Dr. Tran’s clinical practice areas include trauma, depression, PTSD, military sexual trauma, service member/veteran/family psychology, multicultural and affirmative counseling competencies, substance abuse counseling, and marital/relationship counseling. Additionally, she works with individuals coping with chronic pain, amputations, and traumatic brain injuries. Currently, her private practice patients are comprised entirely of service members, veterans and their families.
The UNC System Office will hold its 2019 Digital Learning Initiative (DLI) Symposium on March 27-28 at the Carolina Club in Chapel Hill, NC.
Highlighting this event will be a joint keynote session delivered by University of Central Florida’s Dr. Patsy Moskal, associate director for the Research Initiative for Teaching Effectiveness, and Dr. Charles Dziuban, director for the Research Initiative for Teaching Effectiveness; Colorado Technical University’s Dr. Connie Johnson, chief academic officer and provost; and, Realizeit’s Dr. Colm Howlin, principal researcher.
The UCF-CTU-Realizeit team will discuss their current research findings, which suggest that the underlying pattern of learning in adaptive courses remains comparable across disciplines and institutions. The team will also discuss the implications of their findings for predictive analytics and adaptive learning instructional design and delivery at scale.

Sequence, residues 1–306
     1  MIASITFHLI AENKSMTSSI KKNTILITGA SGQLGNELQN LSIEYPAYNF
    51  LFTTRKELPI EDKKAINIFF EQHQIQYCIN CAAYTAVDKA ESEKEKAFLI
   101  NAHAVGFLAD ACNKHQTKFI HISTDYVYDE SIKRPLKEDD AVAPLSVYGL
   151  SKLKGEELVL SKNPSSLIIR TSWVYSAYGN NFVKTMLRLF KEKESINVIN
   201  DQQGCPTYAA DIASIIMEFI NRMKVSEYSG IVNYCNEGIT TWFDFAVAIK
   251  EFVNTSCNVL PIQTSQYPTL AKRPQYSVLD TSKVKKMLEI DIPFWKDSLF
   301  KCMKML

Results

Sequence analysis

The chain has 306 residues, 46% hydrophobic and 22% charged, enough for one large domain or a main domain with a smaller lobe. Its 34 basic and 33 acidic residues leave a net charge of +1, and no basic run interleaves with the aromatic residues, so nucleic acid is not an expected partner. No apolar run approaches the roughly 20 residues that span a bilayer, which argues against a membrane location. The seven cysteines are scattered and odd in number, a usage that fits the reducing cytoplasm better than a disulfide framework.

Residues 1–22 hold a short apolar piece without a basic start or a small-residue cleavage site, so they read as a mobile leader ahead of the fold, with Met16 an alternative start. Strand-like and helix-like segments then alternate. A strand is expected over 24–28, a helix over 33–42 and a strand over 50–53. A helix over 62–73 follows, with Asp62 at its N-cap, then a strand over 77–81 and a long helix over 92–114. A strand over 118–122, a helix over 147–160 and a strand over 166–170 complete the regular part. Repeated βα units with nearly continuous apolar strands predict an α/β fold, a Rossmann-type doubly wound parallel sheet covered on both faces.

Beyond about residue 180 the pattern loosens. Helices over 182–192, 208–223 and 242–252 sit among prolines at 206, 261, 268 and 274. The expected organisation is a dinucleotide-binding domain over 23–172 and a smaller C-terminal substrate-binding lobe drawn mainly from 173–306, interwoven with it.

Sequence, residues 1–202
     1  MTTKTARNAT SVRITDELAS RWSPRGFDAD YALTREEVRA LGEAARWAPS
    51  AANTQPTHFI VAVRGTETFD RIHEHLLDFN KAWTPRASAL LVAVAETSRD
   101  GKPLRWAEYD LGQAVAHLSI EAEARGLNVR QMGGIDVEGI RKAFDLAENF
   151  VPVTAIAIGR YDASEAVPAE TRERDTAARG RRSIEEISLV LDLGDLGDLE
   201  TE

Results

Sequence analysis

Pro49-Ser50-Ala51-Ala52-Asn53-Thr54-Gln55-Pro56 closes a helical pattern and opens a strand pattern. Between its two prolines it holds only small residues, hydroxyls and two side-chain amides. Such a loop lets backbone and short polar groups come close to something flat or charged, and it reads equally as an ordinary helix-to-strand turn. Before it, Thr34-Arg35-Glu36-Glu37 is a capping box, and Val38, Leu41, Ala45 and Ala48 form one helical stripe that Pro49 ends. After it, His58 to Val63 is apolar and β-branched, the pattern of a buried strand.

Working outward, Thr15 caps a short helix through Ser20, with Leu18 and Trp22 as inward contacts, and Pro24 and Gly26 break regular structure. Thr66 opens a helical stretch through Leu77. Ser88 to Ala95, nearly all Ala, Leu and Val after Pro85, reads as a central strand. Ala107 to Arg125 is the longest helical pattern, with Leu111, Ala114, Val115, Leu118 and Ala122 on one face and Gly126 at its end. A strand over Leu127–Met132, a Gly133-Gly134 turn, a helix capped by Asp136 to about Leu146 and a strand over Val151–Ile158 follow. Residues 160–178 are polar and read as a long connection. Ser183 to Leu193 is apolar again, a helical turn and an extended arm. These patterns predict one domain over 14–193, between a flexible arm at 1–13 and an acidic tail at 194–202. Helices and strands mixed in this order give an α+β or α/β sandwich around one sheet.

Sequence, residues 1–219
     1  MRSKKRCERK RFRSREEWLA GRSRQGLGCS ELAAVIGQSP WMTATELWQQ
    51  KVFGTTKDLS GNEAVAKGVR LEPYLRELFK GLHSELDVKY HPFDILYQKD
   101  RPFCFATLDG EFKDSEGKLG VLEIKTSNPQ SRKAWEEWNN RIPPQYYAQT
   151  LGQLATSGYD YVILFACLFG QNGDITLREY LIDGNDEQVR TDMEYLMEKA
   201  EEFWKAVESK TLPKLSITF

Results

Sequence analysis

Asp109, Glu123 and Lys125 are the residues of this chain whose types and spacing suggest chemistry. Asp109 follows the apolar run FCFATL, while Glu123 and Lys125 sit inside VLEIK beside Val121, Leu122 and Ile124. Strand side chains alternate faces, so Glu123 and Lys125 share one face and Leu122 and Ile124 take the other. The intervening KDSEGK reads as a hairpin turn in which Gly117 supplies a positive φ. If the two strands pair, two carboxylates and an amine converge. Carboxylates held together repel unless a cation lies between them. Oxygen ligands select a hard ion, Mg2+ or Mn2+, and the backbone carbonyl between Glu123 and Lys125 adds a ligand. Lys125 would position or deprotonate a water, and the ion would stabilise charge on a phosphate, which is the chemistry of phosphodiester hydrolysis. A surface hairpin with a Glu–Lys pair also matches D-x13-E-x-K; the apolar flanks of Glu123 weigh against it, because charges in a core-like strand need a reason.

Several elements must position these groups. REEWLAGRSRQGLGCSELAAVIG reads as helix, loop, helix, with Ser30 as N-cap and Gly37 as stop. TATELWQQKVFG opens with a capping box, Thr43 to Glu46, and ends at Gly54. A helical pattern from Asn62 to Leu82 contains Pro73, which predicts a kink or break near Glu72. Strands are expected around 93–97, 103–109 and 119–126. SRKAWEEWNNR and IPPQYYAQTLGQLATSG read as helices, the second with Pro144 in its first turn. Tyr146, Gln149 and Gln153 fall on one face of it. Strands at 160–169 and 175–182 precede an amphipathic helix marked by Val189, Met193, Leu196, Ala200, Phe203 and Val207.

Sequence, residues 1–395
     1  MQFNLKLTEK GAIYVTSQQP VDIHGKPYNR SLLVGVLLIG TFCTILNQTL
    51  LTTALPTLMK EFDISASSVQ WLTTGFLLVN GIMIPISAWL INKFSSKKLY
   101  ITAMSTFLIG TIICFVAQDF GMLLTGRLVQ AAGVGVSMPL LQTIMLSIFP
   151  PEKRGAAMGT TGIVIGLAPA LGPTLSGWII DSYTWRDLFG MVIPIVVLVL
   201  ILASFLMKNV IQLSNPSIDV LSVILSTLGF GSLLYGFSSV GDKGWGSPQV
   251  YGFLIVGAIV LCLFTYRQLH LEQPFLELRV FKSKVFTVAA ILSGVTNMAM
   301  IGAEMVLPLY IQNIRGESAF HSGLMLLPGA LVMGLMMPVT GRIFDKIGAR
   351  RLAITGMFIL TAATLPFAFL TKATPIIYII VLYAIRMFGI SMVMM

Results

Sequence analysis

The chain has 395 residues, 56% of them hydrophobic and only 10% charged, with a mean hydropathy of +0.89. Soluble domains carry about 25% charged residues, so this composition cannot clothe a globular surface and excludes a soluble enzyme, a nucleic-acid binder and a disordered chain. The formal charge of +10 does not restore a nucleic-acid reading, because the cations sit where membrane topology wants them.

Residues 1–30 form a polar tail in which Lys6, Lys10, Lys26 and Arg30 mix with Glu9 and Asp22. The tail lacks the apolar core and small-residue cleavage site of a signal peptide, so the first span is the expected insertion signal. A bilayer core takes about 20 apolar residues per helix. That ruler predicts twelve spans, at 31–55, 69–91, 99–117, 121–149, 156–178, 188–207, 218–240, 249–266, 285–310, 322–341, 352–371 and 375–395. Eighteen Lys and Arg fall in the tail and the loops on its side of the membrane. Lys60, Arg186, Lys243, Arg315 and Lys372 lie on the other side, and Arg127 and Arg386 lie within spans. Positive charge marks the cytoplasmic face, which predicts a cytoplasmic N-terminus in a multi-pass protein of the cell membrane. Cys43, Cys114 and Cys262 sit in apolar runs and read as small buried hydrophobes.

Further, these speakers will discuss the importance of establishing collaborative research partnerships among universities and industries “where the technology does not drive the work, but rather the research helps improve the technology”. Using their own working relationship as a case study, the representatives from the UCF-CTU-Realizit partnership will explain how each organization brings different strengths to their work. CTU achieves scale with adaptive implementation; UCF integrates research and data into the decision-making and policy processes; and Realizeit brings advanced analysis skills and makes transparent analytic data available to its partners. As a result of this partnership, each organization improved its adaptive learning process. The universities improved their pedagogy, while Realizeit enhanced its adaptive learning platform.
The work of the UCF-CTU-Realizeit partnership is of great interest to the UNC System Digital Learning Initiative as it demonstrates the importance of fostering partnerships among academic institutions and industry to solve complex digital learning challenges through adoption of emerging technologies in support of pedagogical objectives. The partnership also highlights successful application of adaptive learning technology in varying university and disciplinary contexts. The implications of the partnership’s instructional design and learner-specific analytics are particularly salient for the UNC System Digital Learning Initiative, given its goal to increase access to higher education for the nearly 5 million underserved students across North Carolina.